Hint: this can include HIV counseling and testing, providing condoms, ARVs, PMTCT etc.
30. Does the facility provide child health services?
Hint: These services can be treating children for common illnesses, immunization, weighing, growth monitoring, deworming etc.
31. Does the facility provide antenatal care services?
Hint: This includes services for pregnant women, educating them on how to take care of themselves, monitoring progress of the pregnancy etc.
32. Does the facility provide basic emergency obstetric services?
Hint: This includes giving specific types of antibiotics via IV or injections, giving medication to induce labor and increase contractions, giving medication to ease high blood pressure and fluid retention, being able to manually remove the placenta and assist with a regular delivery.
33. Does the facility provide comprehensive essential obstetric services?
Hint: services include all of the services provided at the basic level (above), plus cesarean sections and blood transfusion services.
34. Does the facility provide family planning services?
Hint: This includes services to help people manage when they get pregnant and how many children they will have etc. by providing advice, birth control/contraceptives.
|35. Is there a laboratory at this facility?|
|36. If yes, is it currently functional?|
|37. Which of the following laboratory tests are performed in this health facility? Select ALL that apply and circle|
|HIV testing||01||Urine testing||06|
|TB: microscopy||03||Malaria: microscopy||08|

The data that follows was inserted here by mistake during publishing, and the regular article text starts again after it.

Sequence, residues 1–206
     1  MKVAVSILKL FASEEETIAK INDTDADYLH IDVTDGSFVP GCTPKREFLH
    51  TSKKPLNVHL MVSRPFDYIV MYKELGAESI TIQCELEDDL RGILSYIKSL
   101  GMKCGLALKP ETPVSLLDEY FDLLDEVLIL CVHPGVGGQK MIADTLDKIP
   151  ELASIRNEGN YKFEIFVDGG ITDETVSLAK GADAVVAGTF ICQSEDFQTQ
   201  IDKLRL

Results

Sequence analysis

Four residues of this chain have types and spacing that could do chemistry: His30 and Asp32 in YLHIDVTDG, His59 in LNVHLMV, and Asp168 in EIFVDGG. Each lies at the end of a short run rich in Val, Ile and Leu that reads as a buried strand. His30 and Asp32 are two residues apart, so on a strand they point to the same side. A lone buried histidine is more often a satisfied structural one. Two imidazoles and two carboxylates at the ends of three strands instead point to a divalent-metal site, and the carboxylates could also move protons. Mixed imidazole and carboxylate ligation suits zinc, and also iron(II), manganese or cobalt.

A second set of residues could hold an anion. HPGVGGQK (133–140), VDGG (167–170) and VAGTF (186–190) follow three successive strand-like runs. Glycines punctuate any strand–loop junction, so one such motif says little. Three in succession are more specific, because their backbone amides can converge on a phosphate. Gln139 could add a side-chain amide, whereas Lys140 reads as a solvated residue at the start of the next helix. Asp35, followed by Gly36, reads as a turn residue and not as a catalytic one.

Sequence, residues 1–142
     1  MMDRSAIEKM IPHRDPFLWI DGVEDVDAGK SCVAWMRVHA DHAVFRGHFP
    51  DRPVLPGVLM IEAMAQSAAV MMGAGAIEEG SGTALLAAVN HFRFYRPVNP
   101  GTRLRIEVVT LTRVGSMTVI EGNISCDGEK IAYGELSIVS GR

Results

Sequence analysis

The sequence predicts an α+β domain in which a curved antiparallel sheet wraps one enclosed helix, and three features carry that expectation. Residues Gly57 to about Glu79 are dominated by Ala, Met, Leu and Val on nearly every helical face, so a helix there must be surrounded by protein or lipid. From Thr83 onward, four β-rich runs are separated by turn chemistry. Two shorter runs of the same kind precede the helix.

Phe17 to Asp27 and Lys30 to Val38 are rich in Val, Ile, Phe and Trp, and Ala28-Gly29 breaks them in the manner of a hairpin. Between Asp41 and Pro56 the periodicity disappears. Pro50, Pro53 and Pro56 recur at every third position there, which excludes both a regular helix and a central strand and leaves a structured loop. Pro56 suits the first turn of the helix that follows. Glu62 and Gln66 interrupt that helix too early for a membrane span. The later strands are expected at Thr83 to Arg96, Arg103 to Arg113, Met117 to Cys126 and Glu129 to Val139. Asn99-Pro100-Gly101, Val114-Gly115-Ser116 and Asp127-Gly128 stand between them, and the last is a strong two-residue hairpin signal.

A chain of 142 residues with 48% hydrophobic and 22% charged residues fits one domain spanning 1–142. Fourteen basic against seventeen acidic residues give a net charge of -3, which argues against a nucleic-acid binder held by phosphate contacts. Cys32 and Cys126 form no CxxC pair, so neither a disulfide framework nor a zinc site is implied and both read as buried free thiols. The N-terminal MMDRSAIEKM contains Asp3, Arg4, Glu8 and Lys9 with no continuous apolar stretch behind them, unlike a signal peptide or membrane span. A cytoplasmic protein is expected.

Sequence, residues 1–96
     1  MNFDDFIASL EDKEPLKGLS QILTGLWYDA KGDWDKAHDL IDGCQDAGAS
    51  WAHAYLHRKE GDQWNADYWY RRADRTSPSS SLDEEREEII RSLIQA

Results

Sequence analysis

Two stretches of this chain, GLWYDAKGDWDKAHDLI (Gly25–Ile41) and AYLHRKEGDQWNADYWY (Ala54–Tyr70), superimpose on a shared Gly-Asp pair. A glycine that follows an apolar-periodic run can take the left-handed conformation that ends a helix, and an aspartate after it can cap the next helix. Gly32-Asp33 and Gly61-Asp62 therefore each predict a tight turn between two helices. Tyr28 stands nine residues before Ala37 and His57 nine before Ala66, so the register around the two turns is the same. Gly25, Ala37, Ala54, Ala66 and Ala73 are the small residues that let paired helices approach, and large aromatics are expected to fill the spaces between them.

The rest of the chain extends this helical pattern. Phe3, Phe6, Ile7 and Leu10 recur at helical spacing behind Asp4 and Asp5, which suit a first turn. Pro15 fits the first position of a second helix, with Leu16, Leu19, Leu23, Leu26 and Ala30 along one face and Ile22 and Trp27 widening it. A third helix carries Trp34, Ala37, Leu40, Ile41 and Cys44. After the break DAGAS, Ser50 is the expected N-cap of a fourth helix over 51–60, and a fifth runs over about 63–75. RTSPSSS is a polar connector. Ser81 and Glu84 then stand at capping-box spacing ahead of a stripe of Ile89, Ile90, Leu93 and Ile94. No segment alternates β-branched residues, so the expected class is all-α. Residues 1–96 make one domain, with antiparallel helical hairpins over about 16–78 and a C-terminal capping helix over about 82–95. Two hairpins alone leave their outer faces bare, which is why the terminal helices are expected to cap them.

|Other: please specify||05|
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Federal Capital Territory (FCT) of Abuja covers a land area of 8000 km2 and is located in the middle of the country. Abuja falls within latitude 7° 25' N and 9° 20° North of the Equator and longitude 5° 45' and 7° 39' East of Greenwich. The FCT is subdivided into six Area Councils − Abaji, Abuja Municipal, Bwari, Gwagwalada, Kuje and Kwali. The urban areas are in the Federal Capital City (FCC) namely, Garki, Maitama, Wuse, Asokoro, Gwarinpa and Gudu districts. Other urban areas are the Local Government or Area Council headquarters. Notable sub-urban districts popularly called satellite towns include Kubwa, Nyanya, Karu, Karshi, Karmo, Lugbe and Idu. Others are Gwagwa, Jiwa and Jikwoyi in the Municipal Area Council. Some remote villages, Kuchigoro and Aleyita, near the city, in Abuja Municipal Area Council, are beginning to grow.
Solar photovoltaic (PV) generators convert the energy from the sun into electricity through their solar cells, which are semiconductor-based materials. These solar cells are gathered together to form a solar panel. Each panel can have a peak capacity from 80 to 200 W, depending on size and technology. Panels can be installed together in order to achieve the desired output capacity. The amount of solar energy received at a specific location is called insolation, and this factor determines the output of the PV generator. Solar resources are universally available at any location with higher values closer to the Equator.
Cite this article as: Vincent Anayochukwu Ani, Powering primary healthcare centres with clean energy sources, Renew. Energy Environ. Sustain. 6, 7 (2021)